This “form” took on the shape familiar to many of us from experiences elsewhere in the neoliberal economy: “it turned the universe of economic rationality into a universe of emotional uncertainty” (p. 170). The instrumental use of insecurity was used to motivate workers and perpetuate a “cult of the winner” (p. 180). The winner, of course, is not a loser. And “loser behaviors,” as defined within the corporation by a prominent poster, were precisely those behaviors that were necessary to be a “winner” in the planned economy. The individual worker is left to innovate in prescribed ways, becoming an entrepreneur within the enterprise, working within the family as an individual. Socialist man was succeeded by self-made man. Müller finds that this corporate philosophy provoked two characteristic types of behavior within former GDR subjects: adaptation and refusal.
In the latter part of the book, one senses — and feels — frustration with the manner in which the Wende was managed. Many social and political alternatives were closed off. Opportunities for change were ignored. Müller is particularly concerned with the inability of unions — in both East and West Germany — and workers to mobilize together, to find solidarity, and to fight against fairly obvious injustices. She focuses here, for instance, on the disjuncture in wages: at one point, an eastern production group, working in the same factory as a western group, was earning wages at half the western rate per hour.
In such contexts, according to Müller, animosities and stereotyping began to emerge. Although Müller is not informed by that tradition, rich material might be found here for a psychoanalytic reading of Ossi/Wessi relations. In the binary stereotypes — in which Ossi traits are just as easily held to be Wessi traits — a distinct pattern emerges of splitting and projecting. Wessis find in the Ossis many character traits which they dislike within their own group; Ossis find in the Wessis an “archetype” of capitalism that both appeals to and repulses them. It is perhaps also worth noting that there is rich material elsewhere for a further Kleinian reading of the manner in which workers deal with workplace circumstances: one finds a complex, “depressive,” open position in some, while others adopt a “paranoid-schizoid” position to new forms of social relations.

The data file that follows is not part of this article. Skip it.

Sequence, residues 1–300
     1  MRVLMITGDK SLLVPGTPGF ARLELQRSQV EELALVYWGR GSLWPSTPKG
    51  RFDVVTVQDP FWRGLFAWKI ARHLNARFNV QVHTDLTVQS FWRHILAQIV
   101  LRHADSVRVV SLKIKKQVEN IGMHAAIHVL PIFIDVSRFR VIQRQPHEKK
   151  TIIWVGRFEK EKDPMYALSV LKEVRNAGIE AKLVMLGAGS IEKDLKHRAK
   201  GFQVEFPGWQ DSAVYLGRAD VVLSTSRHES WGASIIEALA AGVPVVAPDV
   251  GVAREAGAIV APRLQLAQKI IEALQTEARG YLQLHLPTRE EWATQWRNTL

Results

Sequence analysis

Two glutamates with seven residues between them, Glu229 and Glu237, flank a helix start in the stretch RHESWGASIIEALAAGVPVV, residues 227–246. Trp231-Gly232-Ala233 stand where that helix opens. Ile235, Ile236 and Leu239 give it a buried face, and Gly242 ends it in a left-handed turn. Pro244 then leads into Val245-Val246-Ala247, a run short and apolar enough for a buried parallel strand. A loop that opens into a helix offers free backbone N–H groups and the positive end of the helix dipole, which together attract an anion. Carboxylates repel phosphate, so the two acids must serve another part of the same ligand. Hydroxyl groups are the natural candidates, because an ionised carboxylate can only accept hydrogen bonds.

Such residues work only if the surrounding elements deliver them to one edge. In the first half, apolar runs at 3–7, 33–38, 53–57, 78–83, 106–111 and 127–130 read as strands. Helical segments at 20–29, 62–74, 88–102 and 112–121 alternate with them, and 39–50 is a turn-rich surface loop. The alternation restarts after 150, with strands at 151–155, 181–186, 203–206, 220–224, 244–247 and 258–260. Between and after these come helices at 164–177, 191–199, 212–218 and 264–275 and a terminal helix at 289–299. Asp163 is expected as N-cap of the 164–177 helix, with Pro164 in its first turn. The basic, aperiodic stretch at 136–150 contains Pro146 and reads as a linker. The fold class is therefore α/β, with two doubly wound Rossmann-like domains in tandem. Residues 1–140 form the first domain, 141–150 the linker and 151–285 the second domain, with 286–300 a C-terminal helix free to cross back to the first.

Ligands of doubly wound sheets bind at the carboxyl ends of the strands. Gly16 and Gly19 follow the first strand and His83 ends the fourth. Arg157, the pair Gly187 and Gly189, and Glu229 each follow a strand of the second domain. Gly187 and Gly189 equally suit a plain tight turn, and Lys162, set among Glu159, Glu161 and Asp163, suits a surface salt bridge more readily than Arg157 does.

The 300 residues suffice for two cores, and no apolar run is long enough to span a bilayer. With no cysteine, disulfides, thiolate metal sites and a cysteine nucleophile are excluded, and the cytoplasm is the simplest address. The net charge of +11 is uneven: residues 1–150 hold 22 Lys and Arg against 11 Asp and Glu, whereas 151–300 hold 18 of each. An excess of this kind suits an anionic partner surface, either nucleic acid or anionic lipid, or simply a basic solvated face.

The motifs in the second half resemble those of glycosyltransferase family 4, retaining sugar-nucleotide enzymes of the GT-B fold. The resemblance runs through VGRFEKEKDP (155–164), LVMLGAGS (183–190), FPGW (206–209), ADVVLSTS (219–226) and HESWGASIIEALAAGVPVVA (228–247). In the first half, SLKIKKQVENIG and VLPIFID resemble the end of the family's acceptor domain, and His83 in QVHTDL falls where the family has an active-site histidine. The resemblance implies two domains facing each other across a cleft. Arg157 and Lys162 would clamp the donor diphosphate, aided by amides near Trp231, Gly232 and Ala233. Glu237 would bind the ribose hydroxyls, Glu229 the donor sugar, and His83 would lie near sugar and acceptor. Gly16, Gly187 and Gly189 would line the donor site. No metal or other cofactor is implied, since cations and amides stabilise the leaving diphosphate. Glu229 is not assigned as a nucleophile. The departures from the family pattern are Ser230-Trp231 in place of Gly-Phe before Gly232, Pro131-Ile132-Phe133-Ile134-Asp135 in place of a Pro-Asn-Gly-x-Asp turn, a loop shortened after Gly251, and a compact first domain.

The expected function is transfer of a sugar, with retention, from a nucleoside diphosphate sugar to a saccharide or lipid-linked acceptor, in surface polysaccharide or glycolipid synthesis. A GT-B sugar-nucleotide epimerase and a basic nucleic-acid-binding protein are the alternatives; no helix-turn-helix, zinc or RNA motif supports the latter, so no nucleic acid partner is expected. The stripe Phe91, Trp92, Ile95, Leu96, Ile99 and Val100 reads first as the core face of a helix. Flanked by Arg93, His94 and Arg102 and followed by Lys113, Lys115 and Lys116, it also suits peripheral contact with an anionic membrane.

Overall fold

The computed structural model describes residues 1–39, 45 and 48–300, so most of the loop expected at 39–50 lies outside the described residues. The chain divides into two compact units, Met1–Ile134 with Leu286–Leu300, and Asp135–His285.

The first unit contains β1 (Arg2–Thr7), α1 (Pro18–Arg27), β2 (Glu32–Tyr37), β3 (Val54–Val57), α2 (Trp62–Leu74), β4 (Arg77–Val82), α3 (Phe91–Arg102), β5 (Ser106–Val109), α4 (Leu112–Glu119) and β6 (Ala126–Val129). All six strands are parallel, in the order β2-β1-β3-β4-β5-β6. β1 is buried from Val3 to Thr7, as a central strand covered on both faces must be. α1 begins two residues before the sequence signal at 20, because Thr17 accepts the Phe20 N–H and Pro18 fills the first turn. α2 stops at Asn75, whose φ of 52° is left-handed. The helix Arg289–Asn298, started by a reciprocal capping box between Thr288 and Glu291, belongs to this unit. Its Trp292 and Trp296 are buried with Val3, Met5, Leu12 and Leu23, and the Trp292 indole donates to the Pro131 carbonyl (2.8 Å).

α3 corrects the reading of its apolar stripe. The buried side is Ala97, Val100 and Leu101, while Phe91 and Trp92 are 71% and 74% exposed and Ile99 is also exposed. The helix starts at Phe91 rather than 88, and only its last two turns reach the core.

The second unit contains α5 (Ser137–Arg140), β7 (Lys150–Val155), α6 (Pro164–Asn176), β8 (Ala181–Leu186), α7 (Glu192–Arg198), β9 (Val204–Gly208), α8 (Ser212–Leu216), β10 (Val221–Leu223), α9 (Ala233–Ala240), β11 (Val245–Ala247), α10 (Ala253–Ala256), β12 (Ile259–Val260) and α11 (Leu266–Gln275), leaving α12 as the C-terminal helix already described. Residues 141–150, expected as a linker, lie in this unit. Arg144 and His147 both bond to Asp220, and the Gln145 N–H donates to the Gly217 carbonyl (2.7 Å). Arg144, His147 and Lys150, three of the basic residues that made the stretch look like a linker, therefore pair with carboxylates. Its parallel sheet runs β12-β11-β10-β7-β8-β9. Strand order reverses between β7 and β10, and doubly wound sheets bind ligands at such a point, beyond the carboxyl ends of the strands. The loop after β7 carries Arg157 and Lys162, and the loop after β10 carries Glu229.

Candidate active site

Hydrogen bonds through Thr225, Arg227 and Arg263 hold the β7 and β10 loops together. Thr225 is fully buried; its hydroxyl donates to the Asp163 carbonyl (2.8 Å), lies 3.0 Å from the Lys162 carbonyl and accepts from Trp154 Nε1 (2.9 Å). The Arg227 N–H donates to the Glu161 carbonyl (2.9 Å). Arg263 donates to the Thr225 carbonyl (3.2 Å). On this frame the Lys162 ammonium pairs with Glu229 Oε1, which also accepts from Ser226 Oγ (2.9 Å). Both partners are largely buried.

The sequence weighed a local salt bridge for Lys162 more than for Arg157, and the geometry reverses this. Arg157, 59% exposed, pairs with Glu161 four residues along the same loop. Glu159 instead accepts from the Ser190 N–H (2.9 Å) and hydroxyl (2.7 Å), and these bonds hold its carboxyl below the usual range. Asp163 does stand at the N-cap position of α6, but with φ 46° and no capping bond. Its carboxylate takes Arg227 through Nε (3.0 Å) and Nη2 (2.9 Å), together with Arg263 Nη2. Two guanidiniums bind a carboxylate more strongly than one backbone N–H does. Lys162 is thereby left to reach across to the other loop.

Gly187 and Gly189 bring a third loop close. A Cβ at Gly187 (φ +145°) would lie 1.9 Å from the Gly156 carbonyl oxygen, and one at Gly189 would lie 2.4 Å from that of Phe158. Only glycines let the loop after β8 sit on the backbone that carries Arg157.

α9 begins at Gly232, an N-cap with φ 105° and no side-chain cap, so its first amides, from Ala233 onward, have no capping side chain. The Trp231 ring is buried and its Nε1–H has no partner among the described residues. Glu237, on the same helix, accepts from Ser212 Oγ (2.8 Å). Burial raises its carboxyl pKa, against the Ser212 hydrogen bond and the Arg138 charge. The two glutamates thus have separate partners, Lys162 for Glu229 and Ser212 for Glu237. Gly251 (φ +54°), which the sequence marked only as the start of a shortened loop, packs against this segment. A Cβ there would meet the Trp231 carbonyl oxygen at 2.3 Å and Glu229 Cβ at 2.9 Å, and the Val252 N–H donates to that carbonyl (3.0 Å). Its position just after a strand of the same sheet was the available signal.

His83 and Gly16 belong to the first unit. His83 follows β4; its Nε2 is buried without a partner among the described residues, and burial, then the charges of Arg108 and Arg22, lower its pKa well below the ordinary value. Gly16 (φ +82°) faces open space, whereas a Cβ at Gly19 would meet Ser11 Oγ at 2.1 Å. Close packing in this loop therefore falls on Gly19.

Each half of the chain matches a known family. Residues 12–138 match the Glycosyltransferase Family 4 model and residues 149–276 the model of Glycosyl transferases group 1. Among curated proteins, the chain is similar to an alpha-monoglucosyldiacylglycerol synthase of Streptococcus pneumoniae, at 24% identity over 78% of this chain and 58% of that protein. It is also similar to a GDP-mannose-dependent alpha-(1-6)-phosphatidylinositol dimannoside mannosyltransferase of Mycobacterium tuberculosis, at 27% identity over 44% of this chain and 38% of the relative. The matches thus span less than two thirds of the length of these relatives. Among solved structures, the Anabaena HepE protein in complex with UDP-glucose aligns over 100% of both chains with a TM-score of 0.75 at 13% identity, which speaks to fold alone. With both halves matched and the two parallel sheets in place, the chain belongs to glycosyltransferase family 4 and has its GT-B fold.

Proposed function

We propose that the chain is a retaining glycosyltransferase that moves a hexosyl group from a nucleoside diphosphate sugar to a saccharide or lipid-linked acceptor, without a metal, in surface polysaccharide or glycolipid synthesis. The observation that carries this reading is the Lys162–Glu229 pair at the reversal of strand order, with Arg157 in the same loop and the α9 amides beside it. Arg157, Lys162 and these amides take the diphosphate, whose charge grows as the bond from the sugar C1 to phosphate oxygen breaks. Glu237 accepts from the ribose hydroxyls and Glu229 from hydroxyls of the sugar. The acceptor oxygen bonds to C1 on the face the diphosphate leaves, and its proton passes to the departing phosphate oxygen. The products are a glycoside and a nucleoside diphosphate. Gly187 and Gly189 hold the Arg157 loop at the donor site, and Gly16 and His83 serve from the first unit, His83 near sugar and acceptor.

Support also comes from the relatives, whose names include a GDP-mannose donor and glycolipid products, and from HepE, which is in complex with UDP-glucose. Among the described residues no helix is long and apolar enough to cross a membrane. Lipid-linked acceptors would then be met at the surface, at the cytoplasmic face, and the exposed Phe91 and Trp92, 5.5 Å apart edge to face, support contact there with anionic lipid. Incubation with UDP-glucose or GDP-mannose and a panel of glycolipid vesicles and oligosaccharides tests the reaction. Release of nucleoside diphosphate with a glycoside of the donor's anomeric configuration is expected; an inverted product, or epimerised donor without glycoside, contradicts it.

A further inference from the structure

Nevertheless, Müller’s focus on “material control” and “ideological power” makes for a strong and important thesis. Her use of theory is selective and astute, making way for insights into the quiet battles for control and power within the enterprise and related areas of everyday life. In the final part of the book, she returns to her central question, asking again: “in the transition to the market economy, has the workforce gained or lost in personal autonomy and self-determination? Has the market economy brought them the freedom they had hoped for?” (p. 3).
Her answer could be paraphrased as a tentative “kind of.” She sees some gains in autonomy and determination. But she notes that the capitalist myth of the “self-made man” rubs up against the structural constraints of reunification: redundancies, unequal salaries, and longer hours for Ossis. In general, those former GDR subjects who found work in (former) West Germany were more successfully integrated and psychically content than those who had remained in the East.
But something revealing remains in the forms of fond remembrance and identification she finds after the Wende in many subjects who were deeply unhappy with the GDR at the time. Wolpert, one of her informants, identifies strongly with the corporate philosophy of his multinational employer. Yet, he stresses that his success is partly determined by strong socialist values or ideals he had learned as a child in the GDR. Articulated differently, this sentiment might be shouted down as “Ostalgie.” Yet, it goes to the heart of Müller’s book: the complex blend of attachment and alienation at work in the memories and identities of (former) East Germans under the conditions of market capitalism and the planned economy. Or, indeed, as she writes elsewhere: “where worldviews and personal attitudes, developed from socialist experiences, determine economic behavior and the view of the market, the self-evident functioning of the market mechanism appears in a new light” (p. 125). This book usefully captures and describes those moments when the light fell in new and unexpected ways on otherwise outdated assumptions.
1 Alexei Yurchak, Everything Was Forever, Until It Was No More: The Last Soviet Generation (Princeton: Princeton University Press, 2006).
Ben Gook, University of Melbourne. This review was first published by H-German (August 2009) under a Creative Commons 3.0 US license. See, also, Ben Gook, “Really-Existing Nostalgia? Remembering East Germany in Film.”